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THE confluence of gender and community generates vexed conundrums as women more than men are expected to uphold archaic notions of community izzat, overwhelmingly defined by male guardians usually foregrounding outdated and conservative interpretations of community traditions and legacy. Nowhere is this more marked than in the case of Muslim women forced to carry the double burden of maintaining the integrity of a community under siege while staking claims as rights bearing citizens in a democratic republic. It is only after the release of the Sachar Committee ‘Report on the Social, Economic and Educational Status of the Muslim Community of India’ that, for the first time, Muslims were rendered visible as an economically, educationally and socially deprived segment of the population, surprisingly with development indicators lower than all socio-religious communities, often worse than even dalits and tribals, India’s other perpetual unequals.

Possibly this was because while Scheduled Castes and Tribes were constitutionally defined as ‘development subjects’, Muslims remained framed as ‘cultural subjects’. Unsurprisingly, even as the state, to varying degrees, sought to respond to Muslim identity concerns – personal law, religious and linguistic freedoms – it did little to counter the historical processes of social exclusion in developmental terms. One might even argue that the cultural-religious lens through which the Muslims continue to be viewed enables the state to absolve itself of responsibility towards responding to their secular expectations. Instead, the widely touted image of the ‘backward Muslim’ generates a circular, self-fulfilling logic that blames the backward for their own backwardness, a framing that neither our political parties, focused obsessively on treating the Muslims as a vote bank nor official agencies and programmes help dispel. Disturbingly, the current political dispensation, by building on and stoking this historical framing, has further intensified the process of ghettoization and marginalization by pursuing an aggressive agenda of either exclusion or forced assimilation.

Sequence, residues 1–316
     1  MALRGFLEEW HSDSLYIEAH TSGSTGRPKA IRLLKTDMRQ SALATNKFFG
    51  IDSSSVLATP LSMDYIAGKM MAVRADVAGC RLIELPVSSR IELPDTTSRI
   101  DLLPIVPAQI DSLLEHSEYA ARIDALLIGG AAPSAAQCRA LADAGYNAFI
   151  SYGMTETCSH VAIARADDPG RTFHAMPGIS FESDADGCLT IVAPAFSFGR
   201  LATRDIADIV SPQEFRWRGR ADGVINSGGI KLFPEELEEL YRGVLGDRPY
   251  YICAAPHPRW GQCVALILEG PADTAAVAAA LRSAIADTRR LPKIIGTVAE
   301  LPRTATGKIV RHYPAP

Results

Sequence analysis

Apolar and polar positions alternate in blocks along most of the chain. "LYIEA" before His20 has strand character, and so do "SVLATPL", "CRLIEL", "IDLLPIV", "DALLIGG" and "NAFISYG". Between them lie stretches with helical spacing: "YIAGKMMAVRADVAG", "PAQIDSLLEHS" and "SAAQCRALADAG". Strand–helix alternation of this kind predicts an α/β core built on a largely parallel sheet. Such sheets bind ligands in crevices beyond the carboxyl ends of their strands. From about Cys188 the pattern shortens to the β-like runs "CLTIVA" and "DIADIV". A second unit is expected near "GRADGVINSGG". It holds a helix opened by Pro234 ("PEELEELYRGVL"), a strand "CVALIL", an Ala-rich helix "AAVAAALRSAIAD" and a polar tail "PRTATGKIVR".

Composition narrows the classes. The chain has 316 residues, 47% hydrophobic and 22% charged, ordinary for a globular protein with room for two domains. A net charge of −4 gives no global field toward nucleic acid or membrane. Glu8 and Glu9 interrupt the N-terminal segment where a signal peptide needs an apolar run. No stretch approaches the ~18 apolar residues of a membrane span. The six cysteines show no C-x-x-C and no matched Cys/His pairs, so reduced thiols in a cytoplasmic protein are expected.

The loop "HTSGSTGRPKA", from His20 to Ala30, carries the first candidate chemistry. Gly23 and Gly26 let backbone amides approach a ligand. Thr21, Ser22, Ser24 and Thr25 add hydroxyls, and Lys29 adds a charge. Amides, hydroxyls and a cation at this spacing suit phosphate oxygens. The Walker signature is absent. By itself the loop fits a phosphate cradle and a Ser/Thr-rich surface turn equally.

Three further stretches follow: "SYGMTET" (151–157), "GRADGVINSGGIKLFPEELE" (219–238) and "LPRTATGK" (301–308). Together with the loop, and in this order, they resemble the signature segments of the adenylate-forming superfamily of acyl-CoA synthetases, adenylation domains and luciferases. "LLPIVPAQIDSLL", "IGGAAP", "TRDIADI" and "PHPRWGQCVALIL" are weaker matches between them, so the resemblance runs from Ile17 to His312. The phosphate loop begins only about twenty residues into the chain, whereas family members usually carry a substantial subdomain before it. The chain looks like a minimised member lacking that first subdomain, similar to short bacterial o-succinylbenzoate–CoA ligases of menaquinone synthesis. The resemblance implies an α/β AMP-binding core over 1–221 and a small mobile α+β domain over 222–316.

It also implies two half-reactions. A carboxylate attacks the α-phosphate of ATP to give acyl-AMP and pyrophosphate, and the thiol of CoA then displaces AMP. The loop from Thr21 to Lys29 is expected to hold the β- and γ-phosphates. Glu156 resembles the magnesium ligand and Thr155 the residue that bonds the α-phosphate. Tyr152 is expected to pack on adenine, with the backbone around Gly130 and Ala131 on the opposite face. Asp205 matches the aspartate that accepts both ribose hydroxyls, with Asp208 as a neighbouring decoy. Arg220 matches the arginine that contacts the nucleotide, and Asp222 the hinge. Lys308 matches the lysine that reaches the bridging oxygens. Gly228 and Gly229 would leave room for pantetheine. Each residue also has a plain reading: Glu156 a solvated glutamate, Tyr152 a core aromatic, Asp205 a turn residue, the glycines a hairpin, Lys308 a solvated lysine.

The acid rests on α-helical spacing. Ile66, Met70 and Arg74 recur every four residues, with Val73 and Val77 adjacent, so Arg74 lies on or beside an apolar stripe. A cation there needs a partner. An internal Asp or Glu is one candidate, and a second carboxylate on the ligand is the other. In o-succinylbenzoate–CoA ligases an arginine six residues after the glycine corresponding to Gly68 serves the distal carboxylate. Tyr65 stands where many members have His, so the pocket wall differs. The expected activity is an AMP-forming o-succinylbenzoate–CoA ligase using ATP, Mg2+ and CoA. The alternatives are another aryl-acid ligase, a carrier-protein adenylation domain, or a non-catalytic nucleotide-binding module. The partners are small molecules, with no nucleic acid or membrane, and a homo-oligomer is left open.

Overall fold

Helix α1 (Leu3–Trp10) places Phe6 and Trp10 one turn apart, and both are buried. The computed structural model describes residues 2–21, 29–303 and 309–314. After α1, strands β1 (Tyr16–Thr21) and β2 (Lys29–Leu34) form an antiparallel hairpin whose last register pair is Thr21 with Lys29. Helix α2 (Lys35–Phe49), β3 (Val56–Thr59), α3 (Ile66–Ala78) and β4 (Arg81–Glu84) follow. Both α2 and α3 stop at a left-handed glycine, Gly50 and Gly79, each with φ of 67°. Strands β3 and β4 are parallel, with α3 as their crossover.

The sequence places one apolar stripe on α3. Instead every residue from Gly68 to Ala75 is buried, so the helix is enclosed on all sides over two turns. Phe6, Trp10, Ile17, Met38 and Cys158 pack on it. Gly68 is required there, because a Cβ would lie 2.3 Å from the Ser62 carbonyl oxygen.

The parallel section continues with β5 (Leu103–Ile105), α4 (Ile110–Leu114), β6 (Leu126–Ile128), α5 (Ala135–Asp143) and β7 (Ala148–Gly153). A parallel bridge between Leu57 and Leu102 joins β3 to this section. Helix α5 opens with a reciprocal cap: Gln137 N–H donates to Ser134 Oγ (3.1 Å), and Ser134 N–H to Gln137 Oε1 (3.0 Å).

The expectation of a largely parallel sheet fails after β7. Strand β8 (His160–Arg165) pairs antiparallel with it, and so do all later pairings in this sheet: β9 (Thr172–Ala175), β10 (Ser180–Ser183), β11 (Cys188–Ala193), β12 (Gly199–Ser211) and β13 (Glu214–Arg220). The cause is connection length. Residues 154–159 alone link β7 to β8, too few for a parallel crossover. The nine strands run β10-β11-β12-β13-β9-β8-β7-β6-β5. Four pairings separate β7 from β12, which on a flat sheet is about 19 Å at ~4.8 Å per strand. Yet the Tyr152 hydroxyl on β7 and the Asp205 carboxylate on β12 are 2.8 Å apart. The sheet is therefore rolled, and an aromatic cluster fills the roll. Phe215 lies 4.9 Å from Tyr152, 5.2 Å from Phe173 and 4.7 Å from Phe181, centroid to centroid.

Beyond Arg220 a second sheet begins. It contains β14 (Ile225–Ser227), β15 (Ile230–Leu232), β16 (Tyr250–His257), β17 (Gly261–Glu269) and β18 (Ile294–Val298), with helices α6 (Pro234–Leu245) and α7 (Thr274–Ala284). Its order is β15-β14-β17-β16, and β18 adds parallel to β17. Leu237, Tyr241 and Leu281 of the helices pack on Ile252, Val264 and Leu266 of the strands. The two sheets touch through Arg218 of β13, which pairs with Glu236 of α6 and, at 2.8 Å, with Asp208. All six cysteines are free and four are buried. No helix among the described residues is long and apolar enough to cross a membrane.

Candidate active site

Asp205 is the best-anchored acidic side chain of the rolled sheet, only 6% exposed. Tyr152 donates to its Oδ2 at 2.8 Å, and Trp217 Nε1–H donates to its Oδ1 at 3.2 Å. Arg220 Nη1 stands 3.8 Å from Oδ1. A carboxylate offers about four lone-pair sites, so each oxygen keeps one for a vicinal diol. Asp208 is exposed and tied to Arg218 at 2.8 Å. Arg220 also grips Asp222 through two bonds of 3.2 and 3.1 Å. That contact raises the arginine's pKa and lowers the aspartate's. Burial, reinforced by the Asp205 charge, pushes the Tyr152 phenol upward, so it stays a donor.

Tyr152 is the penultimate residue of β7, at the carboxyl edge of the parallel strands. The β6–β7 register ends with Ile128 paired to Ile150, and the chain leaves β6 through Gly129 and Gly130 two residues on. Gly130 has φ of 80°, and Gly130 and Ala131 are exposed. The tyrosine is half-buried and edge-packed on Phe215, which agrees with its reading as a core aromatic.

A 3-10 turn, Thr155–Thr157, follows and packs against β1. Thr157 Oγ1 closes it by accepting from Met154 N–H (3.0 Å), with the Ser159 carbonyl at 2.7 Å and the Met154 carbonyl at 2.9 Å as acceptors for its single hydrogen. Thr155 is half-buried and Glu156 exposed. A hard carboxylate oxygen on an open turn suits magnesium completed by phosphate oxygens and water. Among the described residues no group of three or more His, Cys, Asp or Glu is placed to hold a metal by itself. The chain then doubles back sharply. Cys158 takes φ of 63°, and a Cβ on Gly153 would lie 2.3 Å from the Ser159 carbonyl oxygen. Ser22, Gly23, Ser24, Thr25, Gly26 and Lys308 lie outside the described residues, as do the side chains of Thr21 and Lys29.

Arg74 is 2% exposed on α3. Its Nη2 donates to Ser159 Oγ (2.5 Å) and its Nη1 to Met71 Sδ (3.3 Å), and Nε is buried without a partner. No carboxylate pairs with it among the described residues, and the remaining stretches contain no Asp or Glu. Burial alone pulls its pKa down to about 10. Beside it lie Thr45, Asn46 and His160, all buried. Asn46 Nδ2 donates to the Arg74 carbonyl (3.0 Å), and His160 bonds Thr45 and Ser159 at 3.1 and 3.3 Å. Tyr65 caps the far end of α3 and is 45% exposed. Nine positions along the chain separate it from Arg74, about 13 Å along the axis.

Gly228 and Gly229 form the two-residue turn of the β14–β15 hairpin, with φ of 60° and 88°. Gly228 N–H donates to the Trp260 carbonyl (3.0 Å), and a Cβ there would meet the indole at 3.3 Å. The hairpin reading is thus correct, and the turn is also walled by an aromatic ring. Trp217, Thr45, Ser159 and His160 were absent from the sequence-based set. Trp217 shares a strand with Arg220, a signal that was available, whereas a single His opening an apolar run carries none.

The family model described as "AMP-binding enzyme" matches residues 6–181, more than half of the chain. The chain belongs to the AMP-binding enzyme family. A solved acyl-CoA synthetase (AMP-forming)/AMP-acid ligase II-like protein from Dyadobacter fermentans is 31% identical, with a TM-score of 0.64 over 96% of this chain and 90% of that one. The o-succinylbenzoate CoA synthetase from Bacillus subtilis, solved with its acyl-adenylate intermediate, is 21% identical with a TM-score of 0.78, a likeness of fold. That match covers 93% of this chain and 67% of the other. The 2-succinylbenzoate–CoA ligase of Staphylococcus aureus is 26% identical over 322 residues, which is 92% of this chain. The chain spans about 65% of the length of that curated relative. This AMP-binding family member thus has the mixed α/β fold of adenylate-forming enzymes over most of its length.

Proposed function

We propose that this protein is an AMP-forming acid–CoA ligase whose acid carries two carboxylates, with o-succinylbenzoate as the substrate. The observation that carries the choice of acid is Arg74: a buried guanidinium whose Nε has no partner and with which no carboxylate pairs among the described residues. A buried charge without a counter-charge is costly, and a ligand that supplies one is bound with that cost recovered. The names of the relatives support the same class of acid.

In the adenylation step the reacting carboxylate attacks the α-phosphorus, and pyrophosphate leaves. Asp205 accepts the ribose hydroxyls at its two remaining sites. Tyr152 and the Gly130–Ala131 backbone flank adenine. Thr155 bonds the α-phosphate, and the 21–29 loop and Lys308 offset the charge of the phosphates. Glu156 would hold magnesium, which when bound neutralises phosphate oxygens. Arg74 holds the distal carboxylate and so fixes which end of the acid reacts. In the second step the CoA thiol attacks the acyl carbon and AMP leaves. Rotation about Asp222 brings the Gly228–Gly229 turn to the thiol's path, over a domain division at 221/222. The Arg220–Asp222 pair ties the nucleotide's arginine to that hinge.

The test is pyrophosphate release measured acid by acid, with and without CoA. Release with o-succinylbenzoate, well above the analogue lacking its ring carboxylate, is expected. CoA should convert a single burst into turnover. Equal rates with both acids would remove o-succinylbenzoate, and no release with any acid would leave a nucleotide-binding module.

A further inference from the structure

Intriguingly even India’s vibrant civil society sector which conventionally responds to issues of deprivation seems to have bypassed the Muslim communities. Consequently, even though many NGOs work with women, children, dalits and tribals, or landless fermers and unorganized workers – all traditionally defined as deprived/marginalized social/economic groups, Muslim groups fall low in their priority, in part because of knowledge gaps and possibly because they too share the ideological outlook of more mainstream actors and thus are reluctant to engage with those viewed with suspicion. More specifically, Muslim women continue to be seen largely through the usual tropes of shariat and hijab and not through their need for education, health, employment and public representation.

Fortunately, a recent study, Working with Women: Beyond Burqa and Triple Talaq by Farah Naqvi with Sadbhavana Trust (Three Essays Collective, 2018) frontally tackles the twin themes of Indian Muslim women and the NGO sector, both under continuous attack in public discourse and by the state regulatory schema. Through a detailed, participatory exercise with close to 360 NGOs in eight states and the Mewat region, the study brings alive the work of different types of NGOs and makes visible a very different range of concerns of Muslims – schools, health, employment and income, credit and housing, as also security and justice – helping us better appreciate both their specific concerns as Muslims as also citizens seeking to realize their constitutional rights and exercise autonomous agency.

It is critical that we better appreciate the multiple burdens that Muslim women are subject to. At one level, like all poor women they seek to improve their material status. Equally, to resist being reduced to the realm of personal laws and the domestic sphere as ‘victims’ requiring the benevolent intervention of the state against a misogynist male community leadership. Yet, to ignore their identity concerns or the many ways in which anti-minority communalism and an accompanying sense of insecurity affect their potential and real choices, would be to miss out on the specificity of their lives as disadvantaged members of a beleaguered community.

‘Working with Women’ explores how a variety of NGOs, denominational or otherwise, both women and male-headed, attempt to negotiate these complex burdens in an effort to respond to the myriad concerns of their constituents. Of particular interest is the discussion of what strategy/scheme works and how even well meaning efforts, if insufficiently attentive to the need to augment autonomous agency, can result in consolidating traditional tropes. Nevertheless, the fact that many continue to struggle and retain hope in the promise of equal citizenship creates hope for a brighter future.

Harsh Sethi

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